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Former U.S.-Russian arms control negotiator
August 7, 2018
Pentagon Invests in AI, Issues Principles
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May 2020
By Michael Klare

The Trump administration’s fiscal year 2021 Defense Department budget request prioritizes spending on artificial intelligence (AI) research and procurement of AI-enabled weapons systems, including unmanned autonomous ships, aircraft, and ground vehicles. Among these requests is $800 million for accelerated operations by the Joint Artificial Intelligence Center (JAIC), the Pentagon’s lead agency for applying AI for military purposes, and for Project Maven, a companion project that seeks to employ sophisticated algorithms in identifying potential military targets among masses of video footage. (See ACT, July/August 2018.)

U.S. Defense Secretary Mark Esper speaks at the Pentagon on March 5. He announced in February that the Pentagon would adopt a set of ethical principles for using artificial intelligence in military applications. (Photo: Olivier Douliery/AFP/Getty Images)In February, when presenting the Pentagon’s proposed budget, Deputy Secretary of Defense David L. Norquist indicated that some existing weapons programs would be cut or trimmed to free up funds for increased spending on sophisticated systems needed for what he called the “high end” wars of the future. Such engagements, Norquist suggested, will entail intense combat with the well-equipped forces of great power competitors, notably China and Russia.

If U.S. forces are to prevail in such encounters, he added, they will need to possess technological superiority over their rivals, which requires ever-increasing investment in “critical emerging technologies,” especially AI and autonomous weapons systems.

In advocating for these undertakings, senior Defense officials have consistently emphasized the need for speeding the weaponization of AI and autonomous weapons systems.

“Leadership in the military application of AI is critical to our national security,” Gen. John (“Jack”) Shanahan, the commander of JAIC, told reporters last August. “For that reason, I doubt I will ever be entirely satisfied that we’re moving fast enough when it comes to [the Defense Department’s] adoption of AI.” At the same time, however, top leaders insist that they are mindful of the legal and ethical challenges of weaponizing advanced technologies. “We are thinking deeply about the ethical, safe, and lawful use of AI,” Shanahan insisted.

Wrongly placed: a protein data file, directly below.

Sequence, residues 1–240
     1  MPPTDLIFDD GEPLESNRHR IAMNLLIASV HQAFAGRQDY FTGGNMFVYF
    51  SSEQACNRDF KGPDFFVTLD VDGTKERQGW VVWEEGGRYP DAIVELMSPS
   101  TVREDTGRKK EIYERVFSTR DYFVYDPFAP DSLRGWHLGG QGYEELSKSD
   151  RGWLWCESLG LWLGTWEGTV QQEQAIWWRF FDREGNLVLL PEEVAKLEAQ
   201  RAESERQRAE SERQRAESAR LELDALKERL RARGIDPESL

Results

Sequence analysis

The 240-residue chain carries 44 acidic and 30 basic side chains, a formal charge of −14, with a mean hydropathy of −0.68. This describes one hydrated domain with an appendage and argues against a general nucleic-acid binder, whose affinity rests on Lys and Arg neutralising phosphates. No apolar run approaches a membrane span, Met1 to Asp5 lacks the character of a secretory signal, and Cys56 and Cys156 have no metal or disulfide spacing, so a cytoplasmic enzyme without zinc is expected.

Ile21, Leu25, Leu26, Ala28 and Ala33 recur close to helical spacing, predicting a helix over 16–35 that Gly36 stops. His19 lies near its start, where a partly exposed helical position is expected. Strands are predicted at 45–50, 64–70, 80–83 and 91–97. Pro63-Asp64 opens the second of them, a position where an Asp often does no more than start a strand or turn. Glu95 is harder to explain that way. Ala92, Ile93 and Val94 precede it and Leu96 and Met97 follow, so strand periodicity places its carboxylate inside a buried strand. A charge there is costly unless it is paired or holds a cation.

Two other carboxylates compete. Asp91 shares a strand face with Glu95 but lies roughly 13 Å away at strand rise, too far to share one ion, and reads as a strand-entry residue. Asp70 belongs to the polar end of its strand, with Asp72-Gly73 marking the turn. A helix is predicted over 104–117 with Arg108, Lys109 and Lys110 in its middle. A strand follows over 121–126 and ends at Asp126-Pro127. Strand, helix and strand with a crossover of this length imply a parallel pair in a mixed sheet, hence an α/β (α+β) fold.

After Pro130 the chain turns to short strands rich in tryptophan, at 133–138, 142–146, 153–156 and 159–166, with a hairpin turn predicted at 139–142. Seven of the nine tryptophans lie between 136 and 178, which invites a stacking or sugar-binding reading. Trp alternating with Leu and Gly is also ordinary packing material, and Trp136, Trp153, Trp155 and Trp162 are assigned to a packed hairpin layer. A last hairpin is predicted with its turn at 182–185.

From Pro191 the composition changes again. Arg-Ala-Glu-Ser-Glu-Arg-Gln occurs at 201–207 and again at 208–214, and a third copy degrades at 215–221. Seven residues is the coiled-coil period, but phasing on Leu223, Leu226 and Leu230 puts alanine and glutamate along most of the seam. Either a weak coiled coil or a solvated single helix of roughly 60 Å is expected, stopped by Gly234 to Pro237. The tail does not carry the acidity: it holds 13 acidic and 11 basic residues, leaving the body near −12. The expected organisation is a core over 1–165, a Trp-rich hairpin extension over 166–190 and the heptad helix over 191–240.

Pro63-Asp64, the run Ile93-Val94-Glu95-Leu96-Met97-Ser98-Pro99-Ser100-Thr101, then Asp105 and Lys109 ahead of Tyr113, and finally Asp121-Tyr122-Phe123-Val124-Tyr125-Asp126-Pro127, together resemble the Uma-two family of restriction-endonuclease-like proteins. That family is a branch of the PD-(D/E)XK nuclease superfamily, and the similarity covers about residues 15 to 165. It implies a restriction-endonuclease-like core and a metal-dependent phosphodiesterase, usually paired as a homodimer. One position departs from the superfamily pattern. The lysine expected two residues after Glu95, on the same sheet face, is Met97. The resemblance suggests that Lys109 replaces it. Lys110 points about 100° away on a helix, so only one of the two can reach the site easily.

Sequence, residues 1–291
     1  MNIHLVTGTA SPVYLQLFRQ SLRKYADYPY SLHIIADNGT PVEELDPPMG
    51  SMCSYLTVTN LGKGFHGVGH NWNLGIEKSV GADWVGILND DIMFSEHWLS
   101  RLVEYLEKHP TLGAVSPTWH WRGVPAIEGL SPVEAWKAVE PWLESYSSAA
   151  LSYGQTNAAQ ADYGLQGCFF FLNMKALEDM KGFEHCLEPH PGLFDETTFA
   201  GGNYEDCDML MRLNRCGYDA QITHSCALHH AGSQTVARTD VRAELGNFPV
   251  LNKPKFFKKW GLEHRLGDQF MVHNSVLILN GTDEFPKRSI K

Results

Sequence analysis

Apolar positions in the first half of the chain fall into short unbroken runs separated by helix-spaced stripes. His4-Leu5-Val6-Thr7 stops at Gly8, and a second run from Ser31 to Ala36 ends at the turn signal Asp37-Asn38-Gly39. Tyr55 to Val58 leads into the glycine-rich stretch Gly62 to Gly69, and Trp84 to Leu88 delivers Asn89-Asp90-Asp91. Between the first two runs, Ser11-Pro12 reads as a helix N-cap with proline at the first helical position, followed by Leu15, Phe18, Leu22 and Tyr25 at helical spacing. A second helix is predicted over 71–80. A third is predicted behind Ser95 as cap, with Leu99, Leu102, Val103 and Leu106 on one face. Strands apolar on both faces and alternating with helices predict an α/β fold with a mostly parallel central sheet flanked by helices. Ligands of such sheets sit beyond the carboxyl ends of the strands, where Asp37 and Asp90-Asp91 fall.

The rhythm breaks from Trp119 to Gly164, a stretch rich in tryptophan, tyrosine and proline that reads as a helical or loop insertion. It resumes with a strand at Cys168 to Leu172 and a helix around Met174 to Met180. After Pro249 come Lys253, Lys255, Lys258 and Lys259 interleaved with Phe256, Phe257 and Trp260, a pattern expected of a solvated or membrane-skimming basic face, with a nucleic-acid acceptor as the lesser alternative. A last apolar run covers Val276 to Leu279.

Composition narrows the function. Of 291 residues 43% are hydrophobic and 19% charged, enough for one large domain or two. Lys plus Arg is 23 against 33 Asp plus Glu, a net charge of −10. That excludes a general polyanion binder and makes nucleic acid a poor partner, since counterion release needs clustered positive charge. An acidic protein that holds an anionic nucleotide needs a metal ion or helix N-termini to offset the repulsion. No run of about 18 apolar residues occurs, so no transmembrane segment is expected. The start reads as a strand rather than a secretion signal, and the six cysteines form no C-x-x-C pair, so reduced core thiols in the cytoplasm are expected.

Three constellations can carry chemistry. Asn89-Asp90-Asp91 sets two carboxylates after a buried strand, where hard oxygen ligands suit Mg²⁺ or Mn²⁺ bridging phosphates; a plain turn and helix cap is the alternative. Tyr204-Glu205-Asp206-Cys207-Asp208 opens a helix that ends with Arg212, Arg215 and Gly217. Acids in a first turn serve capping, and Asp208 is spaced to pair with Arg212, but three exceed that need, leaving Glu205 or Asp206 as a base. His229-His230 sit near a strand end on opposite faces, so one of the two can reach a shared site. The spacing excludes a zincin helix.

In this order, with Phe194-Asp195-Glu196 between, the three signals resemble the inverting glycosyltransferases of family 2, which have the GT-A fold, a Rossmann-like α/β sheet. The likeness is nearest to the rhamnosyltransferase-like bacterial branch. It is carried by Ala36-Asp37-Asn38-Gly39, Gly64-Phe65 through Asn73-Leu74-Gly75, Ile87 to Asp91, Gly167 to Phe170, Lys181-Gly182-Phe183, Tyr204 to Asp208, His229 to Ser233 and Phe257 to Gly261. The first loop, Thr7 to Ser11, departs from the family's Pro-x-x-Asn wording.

The Pentagon’s recognition of the ethical dimensions of applying AI to military use stems from three sets of concerns that have emerged in recent years. The first encompasses fears that as human oversight diminishes, AI-enabled autonomous weapons systems could “go rogue” and engage in acts that violate international humanitarian law. (See ACT, March 2019.) The second arises from evidence that facial-identification algorithms and other AI-empowered systems often contain biases of some sort that could result in unfair or illegal outcomes. Finally, analysts worry that it can be very difficult to identify and trace the algorithmic flaws that might result in such outcomes.

In recognition of these concerns, the Defense Department has taken a number of steps to demonstrate its awareness of the risks associated with hasty AI weaponization. In 2018, Defense Secretary Jim Mattis asked the Defense Innovation Board (DIB), a semiautonomous body reporting directly to senior Pentagon leadership, to develop a set of “ethical principles” for the military application of AI. After conducting several meetings with lawyers, computer scientists, and representatives of human rights organizations, the DIB delivered its proposed set of principles last Oct. 31 to Secretary Mark Esper. (See ACT, December 2019.) After an internal review, Esper’s office finally proclaimed its acceptance of the DIB formula Feb. 24.

In announcing his decision, Esper made it clear that the rapid weaponization of AI and other emerging technologies remains the department’s top priority. The United States, he declared, “must accelerate the adoption of AI and lead in its national security applications to maintain our strategic position [and] prevail on future battlefields.” At the same time, he noted, adoption of the new AI guidelines will buttress “the department’s commitment to upholding the highest ethical standards.”

Of the five ethical principles announced by Esper, four, covering the responsible, equitable, traceable, and reliable use of AI, address the risk of bias and the need for human supervisors to oversee every stage of AI weaponization and be able to identify and eliminate any flaws they detect. Only the final principle (governable) addresses the risk of unintended and possibly lethal action by AI-empowered autonomous systems. Under this key precept, human operators must possess “the ability to disengage or deactivate deployed systems that demonstrate unintended behavior.”

If fully implemented, the five principles adopted by Esper in February could go a long way toward reducing the risks identified by critics of rapid AI weaponization. But this will require that all involved military personnel be educated about these precepts and that contractors abide by them in developing new military systems. When and how this process will unfold remain largely unknown. Devising the five principles, Shanahan explained on Feb. 24, “was the easy part.”

“The real hard part,” he continued, is “understanding where those ethics principles need to be applied.” At this moment, that process has barely begun, but the acquisition of AI-enabled weapons systems seems to be advancing at top speed.